Task-Force Sweep’s integrity has been compromised claims ISCI report
The International State Crime Initiative (ISCI) has published a report which raises serious questions over the integrity and rigour of a high-profile inquiry conducted by Papua New Guinea’s Task-Force Sweep.
Dr Kristian Lasslett, who heads ISCI’s Papua New Guinea research cluster, observes: ‘In October 2012 we referred serious allegations made by lead government anti-corruption agencies to the Chairman of Task-Force Sweep. These allegations centred on expatriate businessman, Gudmundur Fridriksson, and his associates’.
Dr Lasslett notes, ‘Sweep failed to make any substantive response for 19 months. Then during June and July of 2014 Mr Fridriksson personally petitioned Task-Force Sweep to “correct” Public Accounts Committee and Auditor General’s Office findings. Four months later Sweep released a ten page case-assessment exonerating Mr Fridriksson and certain associated corporate entities’.
According to ISCI, the Task-Force Sweep case-assessment contains startling errors of fact, law and method.
Dr Lasslett observes: ‘The errors were striking, Task-Force Sweep had entirely ignored its own basic practice and procedure. For example, company records weren’t checked despite being freely available, the agency described reports as tainted which it had clearly not properly read, and the assessment fundamentally distorts the Public Finance Management Act. All of these factors led Sweep into seismic error’.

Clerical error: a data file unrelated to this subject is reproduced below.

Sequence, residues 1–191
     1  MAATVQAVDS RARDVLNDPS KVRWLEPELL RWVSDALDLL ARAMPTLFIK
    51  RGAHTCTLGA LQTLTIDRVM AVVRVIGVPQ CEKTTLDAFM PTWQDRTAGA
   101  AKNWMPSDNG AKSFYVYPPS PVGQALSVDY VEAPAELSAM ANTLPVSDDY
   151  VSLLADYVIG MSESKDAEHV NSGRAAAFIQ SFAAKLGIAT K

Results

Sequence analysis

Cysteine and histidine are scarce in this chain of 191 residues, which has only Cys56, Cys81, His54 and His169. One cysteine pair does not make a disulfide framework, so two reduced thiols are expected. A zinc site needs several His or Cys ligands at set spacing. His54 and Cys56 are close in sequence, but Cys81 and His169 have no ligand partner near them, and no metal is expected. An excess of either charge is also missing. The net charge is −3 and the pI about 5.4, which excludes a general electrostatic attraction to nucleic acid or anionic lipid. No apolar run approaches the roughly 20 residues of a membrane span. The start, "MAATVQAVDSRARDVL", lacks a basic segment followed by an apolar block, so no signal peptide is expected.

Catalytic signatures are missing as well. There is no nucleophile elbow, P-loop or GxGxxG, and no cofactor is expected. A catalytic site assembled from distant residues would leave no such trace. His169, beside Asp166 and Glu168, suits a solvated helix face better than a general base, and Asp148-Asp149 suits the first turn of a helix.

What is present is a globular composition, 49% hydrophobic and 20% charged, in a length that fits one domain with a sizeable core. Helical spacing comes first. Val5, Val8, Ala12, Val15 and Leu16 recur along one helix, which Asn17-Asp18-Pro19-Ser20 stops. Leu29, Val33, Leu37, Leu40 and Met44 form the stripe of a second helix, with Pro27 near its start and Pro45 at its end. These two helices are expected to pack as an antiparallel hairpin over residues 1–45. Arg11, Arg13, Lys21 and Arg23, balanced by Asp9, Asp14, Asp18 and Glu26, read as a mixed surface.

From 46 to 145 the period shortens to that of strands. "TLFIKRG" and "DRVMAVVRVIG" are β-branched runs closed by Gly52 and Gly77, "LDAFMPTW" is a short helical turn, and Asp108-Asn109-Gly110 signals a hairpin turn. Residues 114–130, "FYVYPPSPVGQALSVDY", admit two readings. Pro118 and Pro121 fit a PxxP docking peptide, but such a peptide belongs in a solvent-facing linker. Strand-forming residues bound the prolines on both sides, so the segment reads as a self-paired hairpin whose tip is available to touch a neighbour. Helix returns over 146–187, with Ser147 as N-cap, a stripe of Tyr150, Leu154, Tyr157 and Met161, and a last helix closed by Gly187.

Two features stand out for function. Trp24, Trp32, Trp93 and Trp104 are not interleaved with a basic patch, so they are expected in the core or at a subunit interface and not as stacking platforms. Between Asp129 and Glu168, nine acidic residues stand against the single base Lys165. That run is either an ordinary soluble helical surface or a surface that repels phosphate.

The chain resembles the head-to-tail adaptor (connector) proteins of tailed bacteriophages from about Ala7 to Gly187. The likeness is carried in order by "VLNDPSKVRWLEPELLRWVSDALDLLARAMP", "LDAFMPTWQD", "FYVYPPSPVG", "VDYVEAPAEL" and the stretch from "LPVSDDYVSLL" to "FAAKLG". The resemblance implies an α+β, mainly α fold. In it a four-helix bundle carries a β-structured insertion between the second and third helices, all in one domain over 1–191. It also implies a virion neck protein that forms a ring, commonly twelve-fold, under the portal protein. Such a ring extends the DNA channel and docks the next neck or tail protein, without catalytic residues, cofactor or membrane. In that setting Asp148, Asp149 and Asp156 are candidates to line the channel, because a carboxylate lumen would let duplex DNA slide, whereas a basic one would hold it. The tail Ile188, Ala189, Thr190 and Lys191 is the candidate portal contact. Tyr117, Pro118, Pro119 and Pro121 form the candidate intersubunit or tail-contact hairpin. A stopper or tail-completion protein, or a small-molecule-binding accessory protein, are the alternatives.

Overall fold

ISCI argues that these flaws were not a mere result of carelessness or lack of resources.
‘Task-Force Sweep is highly literate in investigative procedure and the law, this assessment cant be put down to mere ignorance or inexperience’, Dr Lasslett maintains. ‘It should also be noted our submission was made in 2012 when Task-Force Sweep was in receipt of a large block grant from the PNG government, why it waited until 2014 to respond is unclear’.
ISCI is calling on the government of Papua New Guinea to launch an arms-length, independent probe into Task-Force Sweep’s investigation of Mr Fridriksson and other associated entities.
‘If this investigation uncovers evidence of systemic failures within Task-Force Sweep’, Dr Lasslett claims, ‘the terms of reference should be broadened to allow a root and branch inquiry that evaluates Task-Force Sweep’s casework, managerial processes and financial accounting practices’.
ISCI is also calling on the government of Papua New Guinea to take all necessary steps to resurrect the Interim-Office Against Corruption with a view to introducing at the earliest possible opportunity the proposed Independent Commission Against Corruption.
Dr Lasslett concludes, ‘Papua New Guinea is blessed with courageous institutions and noteworthy examples of transparency, which to date have shone a powerful spotlight on grand corruption. However, citizens deserve a world-class prosecutorial service that can convert transparency into justice’.
* Download Report (2 mb): Report – Investigation Taskforce Sweep
* Download Report Appendices (zip 12 mb): Report Appendices